Inside: Tips for choosing the right wall insulation; comparing spray foam insulation to fibreglass insulation; understanding R-value for exterior and interior walls.
Our basement renovation is almost at the finish line and I’m starting to tally up all the separate projects and decisions that went into making this space a reality. In case you are just hopping in now, our renovation consisted of levelling and insulating a wooden porch floor, and then converting that outdoor room into an interior space.
Obviously, the insulation was crucial in making this space workable. The old garden room used to be so cold in the winter my paint would freeze and so hot in the summer, you couldn’t stand in there for very long at all. Today’s post is an extremely practical one about how to pick the right home and wall insulation.
First things first, let’s get the basics down when it comes to insulation.
By the way, you might want to start at the beginning of this long renovation 🙂 Here’s where I wrote about levelling and insulating the floor, and here’s a post about how we’ve budgeted for this entire home renovation.
Types of Insulation
There are typically two types you’ll be choosing between if you are an average homeowner – fibreglass insulation (which is what we ended up with) and spray foam insulation (which we seriously considered).
The main differences? Spray foam insulation requires a professional to install it and it comes with a higher R-value (more on this in a second). It creates an extremely tight seal between the studs and the exterior wall. It is literally sprayed into the wall cavity, 1-inch at a time and layered. Then it hardens in place. The average exterior wall will require approximately 3 inches of spray foam to achieve a good R-value.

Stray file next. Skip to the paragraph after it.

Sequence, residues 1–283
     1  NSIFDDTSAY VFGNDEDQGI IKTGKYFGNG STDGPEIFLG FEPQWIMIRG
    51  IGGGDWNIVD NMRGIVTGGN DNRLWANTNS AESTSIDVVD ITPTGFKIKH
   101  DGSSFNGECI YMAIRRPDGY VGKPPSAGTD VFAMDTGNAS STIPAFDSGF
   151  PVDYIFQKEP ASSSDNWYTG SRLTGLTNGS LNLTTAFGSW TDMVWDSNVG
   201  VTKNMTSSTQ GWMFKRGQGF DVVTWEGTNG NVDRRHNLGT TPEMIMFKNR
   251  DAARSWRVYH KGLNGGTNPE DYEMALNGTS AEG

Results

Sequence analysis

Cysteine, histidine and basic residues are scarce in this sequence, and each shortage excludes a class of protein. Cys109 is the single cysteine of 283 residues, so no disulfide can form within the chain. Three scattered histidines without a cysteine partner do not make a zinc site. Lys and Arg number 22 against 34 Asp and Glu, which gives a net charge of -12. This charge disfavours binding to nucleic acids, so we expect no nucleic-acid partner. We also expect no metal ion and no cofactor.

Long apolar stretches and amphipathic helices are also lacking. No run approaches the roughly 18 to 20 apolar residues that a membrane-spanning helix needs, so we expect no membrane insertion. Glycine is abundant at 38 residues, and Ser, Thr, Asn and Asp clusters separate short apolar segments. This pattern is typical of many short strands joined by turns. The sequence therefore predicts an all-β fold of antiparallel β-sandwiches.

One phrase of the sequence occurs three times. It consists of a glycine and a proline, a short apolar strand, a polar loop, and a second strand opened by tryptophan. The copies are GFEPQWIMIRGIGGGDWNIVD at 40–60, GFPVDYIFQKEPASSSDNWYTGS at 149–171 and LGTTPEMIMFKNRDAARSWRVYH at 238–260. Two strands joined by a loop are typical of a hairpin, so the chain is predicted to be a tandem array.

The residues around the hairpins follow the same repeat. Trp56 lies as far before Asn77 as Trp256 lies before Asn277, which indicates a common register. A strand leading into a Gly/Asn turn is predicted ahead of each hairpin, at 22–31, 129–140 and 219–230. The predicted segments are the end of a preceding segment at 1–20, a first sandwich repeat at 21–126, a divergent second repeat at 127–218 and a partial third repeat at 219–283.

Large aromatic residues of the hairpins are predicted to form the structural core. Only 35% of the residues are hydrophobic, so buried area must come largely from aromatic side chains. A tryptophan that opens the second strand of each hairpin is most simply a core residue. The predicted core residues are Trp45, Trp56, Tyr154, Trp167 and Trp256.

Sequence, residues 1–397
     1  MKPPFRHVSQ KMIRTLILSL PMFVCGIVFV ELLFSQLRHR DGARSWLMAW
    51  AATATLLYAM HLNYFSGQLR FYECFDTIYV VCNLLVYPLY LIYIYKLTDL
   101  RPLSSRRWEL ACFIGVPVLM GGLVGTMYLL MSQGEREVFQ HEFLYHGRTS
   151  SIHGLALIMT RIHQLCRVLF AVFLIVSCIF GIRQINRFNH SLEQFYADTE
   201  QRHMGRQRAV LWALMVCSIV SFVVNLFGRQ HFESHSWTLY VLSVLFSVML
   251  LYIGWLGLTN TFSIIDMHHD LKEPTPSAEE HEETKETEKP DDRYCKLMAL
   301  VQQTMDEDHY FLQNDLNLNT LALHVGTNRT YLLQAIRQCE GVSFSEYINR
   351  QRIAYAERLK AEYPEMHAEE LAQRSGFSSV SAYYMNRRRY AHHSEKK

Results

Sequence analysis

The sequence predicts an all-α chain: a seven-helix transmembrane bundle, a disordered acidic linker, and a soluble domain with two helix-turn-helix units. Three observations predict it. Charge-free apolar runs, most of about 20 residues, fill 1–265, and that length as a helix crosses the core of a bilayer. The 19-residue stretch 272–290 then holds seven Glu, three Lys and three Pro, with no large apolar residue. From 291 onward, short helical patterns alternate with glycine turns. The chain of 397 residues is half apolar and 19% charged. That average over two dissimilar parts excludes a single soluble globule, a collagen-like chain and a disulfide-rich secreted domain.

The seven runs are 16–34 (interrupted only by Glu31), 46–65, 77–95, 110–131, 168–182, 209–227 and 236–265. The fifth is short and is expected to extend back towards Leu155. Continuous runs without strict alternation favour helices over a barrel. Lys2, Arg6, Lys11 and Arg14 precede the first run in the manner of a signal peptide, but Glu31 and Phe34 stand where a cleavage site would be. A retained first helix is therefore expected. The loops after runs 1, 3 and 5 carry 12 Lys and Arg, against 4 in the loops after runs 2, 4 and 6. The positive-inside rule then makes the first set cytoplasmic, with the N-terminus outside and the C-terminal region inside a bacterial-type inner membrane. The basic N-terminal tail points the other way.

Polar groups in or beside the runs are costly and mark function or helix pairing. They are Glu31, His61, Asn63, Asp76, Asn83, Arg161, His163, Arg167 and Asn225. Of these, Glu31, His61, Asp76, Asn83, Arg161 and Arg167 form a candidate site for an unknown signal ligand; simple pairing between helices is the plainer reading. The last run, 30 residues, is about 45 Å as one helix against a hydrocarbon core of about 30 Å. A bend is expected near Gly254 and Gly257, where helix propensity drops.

Fibreglass insulation is faster to install (ours went in in less than an hour) and it’s easier to work with. You still need to wear a mask and make sure you get as tight a fit between the studs as possible. It also tends to be a little bit less expensive than spray foam.
What should the R-value be for exterior walls?
R-value refers to how insulated a space is against heat transfer and loss. To give context, the old exterior garden room did have insulation – but it was the minimum R-value available, an R11, and it wasn’t installed correctly (large gaps in the insulation and it wasn’t thick enough). So in effect, we weren’t even getting the bare minimum insulation in this space. Do I recommend using R11 insulation for exterior walls? Maybe if it’s a garden shed. But not if you plan to use the space and be in it for any extended period of time.
Current codes expect a residential home to have at least R18 and ideally an R24 or higher. We achieved that with our fibreglass insulation between the studs. An important consideration when you’re installing insulation is the ceiling space as well as the floor.
Our floor used to be a porch. There is about 12-inches of space between it and the bare ground, so we re-insulated the floor to well above code, bringing it to R33. If this were an attic space, you’d also want to consider using a combination of fibreglass and spray foam insulation to tightly seal your ceiling area.
Things to consider when insulating exterior walls
A few things to note – R11 insulation should not be used on exterior walls around windows. It’s almost completely ineffective when used in smaller areas like that. So if you are using it, make sure to increase the thickness or switch to a higher R-value product.
You’ll also want to pay special attention to sealing cracks around outlets on exterior walls which is where a lot of heat and air transfer can happen.
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